My extended family from my mother’s side had dinner together every Friday night for Shabbat. Along with some of the other kids, I would eat watching tv in the other room. Before dinner, my grandfather would annoy me by interrupting the show and taking his shot glass of schnapps and saying loudly, “Zei Gezeunt.” I, and all the other kids, had to reply, “Allavai.” If we didn’t, grandpa would loudly repeat his statement over and over until we replied properly. As a kid, I had no idea of any concept of a toast, or a shot of liquor, for that matter.

We ate a lot of foods that I have not seen in decades. We had kishke with real casings. We have kishke now, but it tastes and looks pretty different. We had borscht and Russel which I hated because they were made with beets, the worst flavor people ingest. We had schmaltz. We had additional parts of the chicken like the necks and the “pipiks” which we ate boiled. It was a treat to be a person who got to eat a pipik. We had farfel. Every sabbath meal had piping hot chicken soup with matzoh balls and/or kreplach. My grandfather always sat at the head of the table. My favorite thing was that he had large bottles of seltzer delivered to his house. His garage had cases of full and empty bottles. I loved to pour it for him because that meant I could squeeze the trigger at the top of the bottle and seltzer would shoot out noisily from the spout with bubbles actively racing up the water and sides of the glass and sometimes popping in the air, releasing the slightly biting and pleasant smell of carbonation. The only other place I ever saw these kinds of bottles was on the Three Stooges, one of my favorite shows (but only the episodes with Curly.) I loved when they had seltzer fights.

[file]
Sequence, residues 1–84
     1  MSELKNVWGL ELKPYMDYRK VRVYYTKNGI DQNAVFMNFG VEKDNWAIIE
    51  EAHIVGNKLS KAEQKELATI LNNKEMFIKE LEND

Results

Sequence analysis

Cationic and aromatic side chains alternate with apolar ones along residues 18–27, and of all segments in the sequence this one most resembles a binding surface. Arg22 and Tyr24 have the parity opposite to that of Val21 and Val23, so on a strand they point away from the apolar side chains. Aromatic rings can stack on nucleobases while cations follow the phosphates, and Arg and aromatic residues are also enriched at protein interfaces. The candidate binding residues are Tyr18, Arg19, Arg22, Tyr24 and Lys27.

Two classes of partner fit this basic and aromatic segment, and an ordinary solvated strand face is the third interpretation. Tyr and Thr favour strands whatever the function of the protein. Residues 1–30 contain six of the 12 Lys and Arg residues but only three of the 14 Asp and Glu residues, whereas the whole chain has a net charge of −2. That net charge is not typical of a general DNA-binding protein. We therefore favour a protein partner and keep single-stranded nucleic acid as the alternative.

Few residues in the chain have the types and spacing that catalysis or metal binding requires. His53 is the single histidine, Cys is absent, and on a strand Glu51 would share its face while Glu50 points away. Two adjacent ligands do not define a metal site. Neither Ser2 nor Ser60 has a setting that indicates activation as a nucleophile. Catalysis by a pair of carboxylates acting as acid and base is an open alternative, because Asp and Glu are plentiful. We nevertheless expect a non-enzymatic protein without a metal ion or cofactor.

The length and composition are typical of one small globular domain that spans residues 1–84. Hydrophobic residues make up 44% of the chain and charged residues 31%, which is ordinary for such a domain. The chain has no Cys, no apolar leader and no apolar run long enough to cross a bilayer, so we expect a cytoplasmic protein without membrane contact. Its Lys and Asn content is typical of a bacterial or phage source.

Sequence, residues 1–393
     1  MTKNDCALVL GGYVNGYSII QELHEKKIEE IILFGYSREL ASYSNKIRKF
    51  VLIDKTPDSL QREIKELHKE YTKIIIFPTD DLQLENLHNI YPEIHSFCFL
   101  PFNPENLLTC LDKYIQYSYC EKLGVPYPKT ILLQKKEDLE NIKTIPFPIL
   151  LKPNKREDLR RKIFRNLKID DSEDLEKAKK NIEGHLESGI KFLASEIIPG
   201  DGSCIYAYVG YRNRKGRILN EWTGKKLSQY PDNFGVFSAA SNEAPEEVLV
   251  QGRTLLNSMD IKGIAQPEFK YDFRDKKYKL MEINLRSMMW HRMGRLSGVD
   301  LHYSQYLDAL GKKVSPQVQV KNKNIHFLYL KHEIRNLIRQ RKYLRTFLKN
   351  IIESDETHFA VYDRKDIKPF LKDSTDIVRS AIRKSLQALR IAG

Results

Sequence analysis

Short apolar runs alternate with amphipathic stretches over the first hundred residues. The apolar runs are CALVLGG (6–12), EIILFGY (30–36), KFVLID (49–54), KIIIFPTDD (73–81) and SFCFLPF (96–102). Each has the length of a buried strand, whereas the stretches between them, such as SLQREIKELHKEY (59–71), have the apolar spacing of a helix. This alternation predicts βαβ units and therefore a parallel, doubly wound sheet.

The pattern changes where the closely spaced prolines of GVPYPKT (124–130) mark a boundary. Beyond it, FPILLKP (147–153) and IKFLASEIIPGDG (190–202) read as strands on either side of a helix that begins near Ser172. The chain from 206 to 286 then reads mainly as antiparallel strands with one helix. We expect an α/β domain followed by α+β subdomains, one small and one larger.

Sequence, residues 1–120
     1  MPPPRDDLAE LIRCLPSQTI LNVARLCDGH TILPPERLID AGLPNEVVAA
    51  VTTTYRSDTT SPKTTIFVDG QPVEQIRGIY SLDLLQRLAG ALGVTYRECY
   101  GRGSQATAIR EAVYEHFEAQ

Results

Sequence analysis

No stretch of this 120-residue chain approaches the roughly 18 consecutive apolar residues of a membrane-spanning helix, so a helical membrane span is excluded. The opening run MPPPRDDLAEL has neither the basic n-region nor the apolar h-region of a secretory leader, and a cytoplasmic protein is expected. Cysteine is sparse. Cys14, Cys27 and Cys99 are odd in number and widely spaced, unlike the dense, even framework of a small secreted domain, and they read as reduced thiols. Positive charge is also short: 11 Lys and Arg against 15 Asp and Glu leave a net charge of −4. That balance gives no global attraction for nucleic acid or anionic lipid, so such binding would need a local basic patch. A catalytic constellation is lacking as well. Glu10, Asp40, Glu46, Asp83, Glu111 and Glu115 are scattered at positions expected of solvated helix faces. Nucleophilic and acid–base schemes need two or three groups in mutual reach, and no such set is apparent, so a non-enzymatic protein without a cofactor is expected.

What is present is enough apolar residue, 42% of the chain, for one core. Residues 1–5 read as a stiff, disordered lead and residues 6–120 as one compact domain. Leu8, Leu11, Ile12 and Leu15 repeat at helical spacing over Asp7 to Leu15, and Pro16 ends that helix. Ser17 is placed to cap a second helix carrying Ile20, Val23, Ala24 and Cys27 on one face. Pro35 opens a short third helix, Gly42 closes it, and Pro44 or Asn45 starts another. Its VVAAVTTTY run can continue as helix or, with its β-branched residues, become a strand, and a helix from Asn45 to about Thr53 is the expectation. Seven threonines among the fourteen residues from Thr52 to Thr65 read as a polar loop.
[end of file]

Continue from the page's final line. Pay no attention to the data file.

Right after I graduated college, my family, including my grandparents, took a European cruise. One stop was on a Danish island called Bornholm. There, we were served smoked fresh local fish. My grandfather surprised everyone in the family including his wife and two surviving daughters. He nimbly and efficiently deboned all the fish. None of us had any idea he had that knowledge and skill. It was great to see everyone so pleasantly surprised by his deftness and desire to take care of us. Until that time, everything about food service and preparation was done solely by the women in the family.